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Psychological First Aid

Bruce Rodgers

Just as officers can administer physical first aid to someone who has been injured in an auto accident, they also can apply psychological first aid to those with acute emotional reactions to disasters. The officers’ principal goal is to return the greatest number of people to effective functioning in the shortest time. In responding to stress or disaster situations, officers should keep in mind the following principles:

1. They should respect every person’s right to his or her own feelings. Just because officers have responded appropriately, they should not expect that everyone else will. They should realize that there will be as many different reactions as there are different people because each person is unique. A psychological casualty is not an inferior or cowardly person.

2. Officers should remember that emotional disability secondary to a disaster situation is as real as physical disability. No one would expect a soldier who has had both of his legs shot off to buck up and go back into the fray. Similarly, police officers should not expect people who have had a severe emotional reaction to pull themselves together quickly and carry on.

3. Every physically injured person will have some emotional reaction to the injury. Furthermore, some people may have severe emotional reactions to minor injuries because of their personal significance. For example, an artist who has cut a finger may have a more severe reaction than a lawyer with the same injury. Occasionally, the major reason for a severe reaction is not obvious and may relate to a symbolic event or unconscious fear.

Because of this fear, people may distort the seriousness of the injury, consequently increasing their emotional reaction. Finally, it is important for police officers to recognize that there is often more strength in people than may initially appear. Although this may seem contradictory to the first principle, which states that a person’s feelings should be recognized and accepted, it is not. Officers should direct their support to the individual’s strength. If this strength can be mobilized, officers can significantly reduce the emotional reaction to a disaster.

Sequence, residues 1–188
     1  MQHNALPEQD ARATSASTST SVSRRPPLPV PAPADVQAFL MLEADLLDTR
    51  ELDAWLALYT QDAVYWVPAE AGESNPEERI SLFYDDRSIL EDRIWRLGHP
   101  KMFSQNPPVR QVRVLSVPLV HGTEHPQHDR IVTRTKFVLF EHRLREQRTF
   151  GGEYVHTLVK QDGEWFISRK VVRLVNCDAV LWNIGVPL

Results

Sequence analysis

4. In handling a disaster situation, officers must remain calm if they are to be effective. They must keep their wits about them so that they do not inadvertently compound the disaster and the emotional reactions to it. Consequently, they also should remember not to do the following when encountering people with acute emotional reactions to stress situations. They should not strike, slap, or hit anyone. They should remember that it will not do any good to tell someone to “snap out of it” or to “use their willpower.” Such statements will only increase feelings of inadequacy, which may already be overwhelming. Finally, they must not upset anyone with pity, blame, or ridicule, since these also will increase feelings of inadequacy.

5. Police officers should establish some form of communication with the person as soon as possible, either verbal or nonverbal. In this regard, it is helpful to remember how a parent treats a hurt child who comes in crying from the playground. The good parent will take the child onto his or her lap, comfort the child, and ask what happened. As the child sobs out the story, the parent may put ice or some medicine on the bruise or scratch and get a bandage while continually reassuring the child that everything will be fine. This is a good example, because many people regress to childlike behavior in disaster situations.

While officers may not take a person onto their laps, they can certainly put an arm around a person, ask what happened, and help the person ventilate feelings. In doing so, officers are not interested in the truth or falsehood of any statements, but rather are trying to get the person to talk about feelings.

6. After establishing communication, the next important thing police officers can do is to get the person to engage in constructive activity. This will reduce physical tension as well as divert the person from thinking about his or her own problems. By serving others, the person’s feelings of adequacy can be restored. However, officers should not let these people help too much in rescue efforts, or they will be exposed to further stress. After this physical release has been achieved, the person should be encouraged to rest and pay attention to his or her own needs, such as hot food or dry clothing. Throughout, officers should firmly convey the expectation that the person will be all right soon.

7. Remember that to suffer together is to suffer less. Officers should try to get the person back to family and friends as soon as possible. For example, if there has been a tornado and people have been rushed to hospitals, officers should try to maintain a list of who went where in order to assist survivors in finding their loved ones.

8. Finally, officers should always be aware of their own feelings. It is natural to feel resentment, anger, and hostility toward those who seem to be physically uninjured and yet contribute nothing to resolving the situation. Officers must not allow these feelings to interfere with their ability to help others in a disaster.

This article is an excerpt from Psychological Aspects of Police Work: An Officer’s Guide to Street Psychology by former police officer and federal agent, Bruce A. Rodgers, PhD.

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